Feeds

Phishermen, not zombies, causing biggest security woes

McAfee issues revised forecast

SANS - Survey on application security programs

Data-swiping phishing sites are causing a greater security headache than expected while botnet numbers have taken an unexpected dip over recent months, according to revised security predictions by net security firm McAfee.

McAfee Avert Labs recorded a 784 per cent increase in phishing websites in the first quarter of 2007 compared to the same period last year, with no slowdown in sight.

"As we approach the midyear mark, we wanted to check on our crystal ball gazing skills," said Jeff Green, senior vice president of McAfee Avert Labs and product development. "As we predicted, professional and organised criminals continue to drive a lot of the malicious activity on the net. However, we were surprised that mobile malware and image spam tapered off."

Image spam is so named because it includes an image instead of just text. These junk mail messages typically advertise goods and services such as stocks, pharmaceuticals, and degrees. Image spam accounted for 40 per cent of spam in November 2006 and up to 65 per cent of all spam at the beginning of 2007, but this figure has dropped off recently. Overall spam levels have remained static.

McAfee reckons its other security predictions made at the start of the year are panning out. In particular, it warned that video on the web would become a target for hackers and the prevalence of rootkits on 32-bit machines would increase. About 200,000 computers have been infected with rootkits (malign programs that hide their presence on infected systems) since the beginning of 2007, according to Avert Labs' virus tracking mechanism, a 10 per cent increase over the first quarter of 2006.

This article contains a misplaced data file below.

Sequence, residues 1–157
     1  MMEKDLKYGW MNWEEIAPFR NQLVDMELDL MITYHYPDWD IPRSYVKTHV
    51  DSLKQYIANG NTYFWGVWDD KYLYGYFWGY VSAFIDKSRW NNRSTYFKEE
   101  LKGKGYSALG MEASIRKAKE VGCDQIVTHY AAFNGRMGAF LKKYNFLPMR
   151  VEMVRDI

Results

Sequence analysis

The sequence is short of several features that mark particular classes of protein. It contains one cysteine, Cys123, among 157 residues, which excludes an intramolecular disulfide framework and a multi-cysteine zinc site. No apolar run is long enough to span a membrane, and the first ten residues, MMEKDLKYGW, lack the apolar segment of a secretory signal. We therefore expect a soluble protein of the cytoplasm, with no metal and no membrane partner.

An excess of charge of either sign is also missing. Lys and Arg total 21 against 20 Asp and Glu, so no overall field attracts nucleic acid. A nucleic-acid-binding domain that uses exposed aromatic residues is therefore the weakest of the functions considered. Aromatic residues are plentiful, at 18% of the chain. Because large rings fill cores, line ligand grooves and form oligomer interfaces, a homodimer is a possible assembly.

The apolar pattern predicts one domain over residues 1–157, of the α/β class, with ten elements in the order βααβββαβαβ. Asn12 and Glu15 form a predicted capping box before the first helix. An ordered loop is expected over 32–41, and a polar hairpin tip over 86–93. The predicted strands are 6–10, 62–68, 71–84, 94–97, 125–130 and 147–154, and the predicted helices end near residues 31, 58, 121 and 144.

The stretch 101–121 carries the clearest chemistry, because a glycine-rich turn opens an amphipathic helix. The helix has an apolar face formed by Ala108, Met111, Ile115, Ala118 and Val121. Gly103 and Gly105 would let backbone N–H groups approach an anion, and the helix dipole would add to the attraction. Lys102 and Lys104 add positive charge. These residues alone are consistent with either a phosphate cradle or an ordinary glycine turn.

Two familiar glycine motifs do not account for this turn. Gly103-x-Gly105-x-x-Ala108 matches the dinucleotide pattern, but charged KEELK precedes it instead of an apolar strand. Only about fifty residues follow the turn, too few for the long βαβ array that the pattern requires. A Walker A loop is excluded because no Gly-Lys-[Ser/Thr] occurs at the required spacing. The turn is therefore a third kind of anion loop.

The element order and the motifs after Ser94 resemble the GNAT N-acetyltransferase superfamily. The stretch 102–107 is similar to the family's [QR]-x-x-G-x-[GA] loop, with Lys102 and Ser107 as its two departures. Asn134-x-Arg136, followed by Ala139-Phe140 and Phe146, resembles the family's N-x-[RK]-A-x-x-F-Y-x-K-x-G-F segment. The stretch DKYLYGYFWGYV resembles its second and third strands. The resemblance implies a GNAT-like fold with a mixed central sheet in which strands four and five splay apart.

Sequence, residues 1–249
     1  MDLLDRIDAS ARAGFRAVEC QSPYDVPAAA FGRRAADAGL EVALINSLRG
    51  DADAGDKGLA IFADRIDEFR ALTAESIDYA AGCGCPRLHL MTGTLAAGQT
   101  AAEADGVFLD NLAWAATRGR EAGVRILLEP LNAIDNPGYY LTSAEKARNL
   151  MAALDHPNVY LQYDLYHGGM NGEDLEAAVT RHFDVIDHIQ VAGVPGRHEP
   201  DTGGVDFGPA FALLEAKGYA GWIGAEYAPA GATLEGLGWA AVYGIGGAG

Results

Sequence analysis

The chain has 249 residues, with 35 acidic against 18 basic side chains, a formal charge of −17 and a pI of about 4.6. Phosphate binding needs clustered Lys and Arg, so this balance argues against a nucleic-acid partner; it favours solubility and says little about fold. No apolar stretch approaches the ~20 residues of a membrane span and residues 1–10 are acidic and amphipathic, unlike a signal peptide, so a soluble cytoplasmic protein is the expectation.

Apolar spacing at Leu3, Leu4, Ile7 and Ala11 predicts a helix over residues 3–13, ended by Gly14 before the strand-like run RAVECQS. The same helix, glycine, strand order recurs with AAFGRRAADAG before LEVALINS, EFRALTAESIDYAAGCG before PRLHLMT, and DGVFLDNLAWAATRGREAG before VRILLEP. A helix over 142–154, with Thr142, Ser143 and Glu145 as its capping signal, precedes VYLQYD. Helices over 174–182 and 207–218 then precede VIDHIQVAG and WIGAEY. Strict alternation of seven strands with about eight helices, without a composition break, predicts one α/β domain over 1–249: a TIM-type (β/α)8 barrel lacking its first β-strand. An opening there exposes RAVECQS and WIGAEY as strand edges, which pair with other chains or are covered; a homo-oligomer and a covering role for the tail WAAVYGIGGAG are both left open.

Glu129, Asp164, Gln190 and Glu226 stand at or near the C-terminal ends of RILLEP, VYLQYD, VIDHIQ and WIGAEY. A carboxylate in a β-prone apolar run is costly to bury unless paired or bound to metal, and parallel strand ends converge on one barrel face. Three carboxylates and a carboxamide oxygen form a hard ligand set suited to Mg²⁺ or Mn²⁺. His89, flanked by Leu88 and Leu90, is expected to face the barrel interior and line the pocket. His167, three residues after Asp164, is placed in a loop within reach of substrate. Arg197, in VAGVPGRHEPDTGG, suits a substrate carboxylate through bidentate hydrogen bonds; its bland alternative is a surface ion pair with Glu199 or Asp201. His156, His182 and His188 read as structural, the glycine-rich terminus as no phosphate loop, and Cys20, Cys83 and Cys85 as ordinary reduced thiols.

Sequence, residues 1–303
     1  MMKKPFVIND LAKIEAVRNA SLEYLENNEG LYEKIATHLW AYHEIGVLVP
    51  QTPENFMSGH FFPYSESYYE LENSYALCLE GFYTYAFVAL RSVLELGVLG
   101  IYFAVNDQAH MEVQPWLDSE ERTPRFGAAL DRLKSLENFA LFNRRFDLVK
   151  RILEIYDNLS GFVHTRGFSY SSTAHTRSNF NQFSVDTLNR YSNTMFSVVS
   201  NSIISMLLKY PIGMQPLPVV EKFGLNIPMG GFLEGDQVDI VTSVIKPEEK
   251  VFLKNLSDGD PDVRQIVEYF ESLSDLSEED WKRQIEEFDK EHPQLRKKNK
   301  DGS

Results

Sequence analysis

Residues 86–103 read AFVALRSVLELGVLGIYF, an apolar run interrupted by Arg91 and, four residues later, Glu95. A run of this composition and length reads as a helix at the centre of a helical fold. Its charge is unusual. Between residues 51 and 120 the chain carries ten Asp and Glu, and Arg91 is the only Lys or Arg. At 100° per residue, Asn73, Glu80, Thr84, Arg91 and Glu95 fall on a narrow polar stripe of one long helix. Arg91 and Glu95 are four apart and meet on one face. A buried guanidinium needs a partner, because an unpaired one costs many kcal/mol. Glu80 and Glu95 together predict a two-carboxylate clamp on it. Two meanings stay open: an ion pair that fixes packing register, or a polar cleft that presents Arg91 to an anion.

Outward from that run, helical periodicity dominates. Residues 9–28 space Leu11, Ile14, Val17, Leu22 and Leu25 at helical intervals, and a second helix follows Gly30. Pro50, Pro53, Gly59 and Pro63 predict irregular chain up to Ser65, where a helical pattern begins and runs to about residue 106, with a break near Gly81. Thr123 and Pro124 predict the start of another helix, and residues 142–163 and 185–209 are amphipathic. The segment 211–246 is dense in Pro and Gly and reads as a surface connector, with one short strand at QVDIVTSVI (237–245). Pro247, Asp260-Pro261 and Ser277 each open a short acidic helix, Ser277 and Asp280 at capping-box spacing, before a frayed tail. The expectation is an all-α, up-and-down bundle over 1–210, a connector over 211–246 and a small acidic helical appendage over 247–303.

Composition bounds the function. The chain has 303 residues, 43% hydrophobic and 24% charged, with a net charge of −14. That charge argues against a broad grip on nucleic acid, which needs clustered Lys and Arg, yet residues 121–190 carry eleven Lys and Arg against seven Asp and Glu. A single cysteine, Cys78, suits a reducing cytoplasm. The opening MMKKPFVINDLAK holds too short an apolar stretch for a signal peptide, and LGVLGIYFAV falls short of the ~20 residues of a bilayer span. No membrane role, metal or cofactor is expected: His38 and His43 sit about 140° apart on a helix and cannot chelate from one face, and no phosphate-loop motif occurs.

One prediction that hasn't panned out is McAfee's expectation that more legitimate companies would try advertising software (ie adware) to target consumers. Because adware has a bad reputation, firms have shied away from the approach and tried different tactics instead. BitTorrent, for example, is establishing a trend by offering free ad-supported video downloads as an alternative to paid downloads. ®

High performance access to file storage

More from The Register

next story
Parent gabfest Mumsnet hit by SSL bug: My heart bleeds, grins hacker
Natter-board tells middle-class Britain to purée its passwords
Obama allows NSA to exploit 0-days: report
If the spooks say they need it, they get it
Mounties always get their man: Heartbleed 'hacker', 19, CUFFED
Canadian teen accused of raiding tax computers using OpenSSL bug
Samsung Galaxy S5 fingerprint scanner hacked in just 4 DAYS
Sammy's newbie cooked slower than iPhone, also costs more to build
Snowden-inspired crypto-email service Lavaboom launches
German service pays tribute to Lavabit
One year on: diplomatic fail as Chinese APT gangs get back to work
Mandiant says past 12 months shows Beijing won't call off its hackers
Call of Duty 'fragged using OpenSSL's Heartbleed exploit'
So it begins ... or maybe not, says one analyst
prev story

Whitepapers

Top three mobile application threats
Learn about three of the top mobile application security threats facing businesses today and recommendations on how to mitigate the risk.
Combat fraud and increase customer satisfaction
Based on their experience using HP ArcSight Enterprise Security Manager for IT security operations, Finansbank moved to HP ArcSight ESM for fraud management.
The benefits of software based PBX
Why you should break free from your proprietary PBX and how to leverage your existing server hardware.
Five 3D headsets to be won!
We were so impressed by the Durovis Dive headset we’ve asked the company to give some away to Reg readers.
SANS - Survey on application security programs
In this whitepaper learn about the state of application security programs and practices of 488 surveyed respondents, and discover how mature and effective these programs are.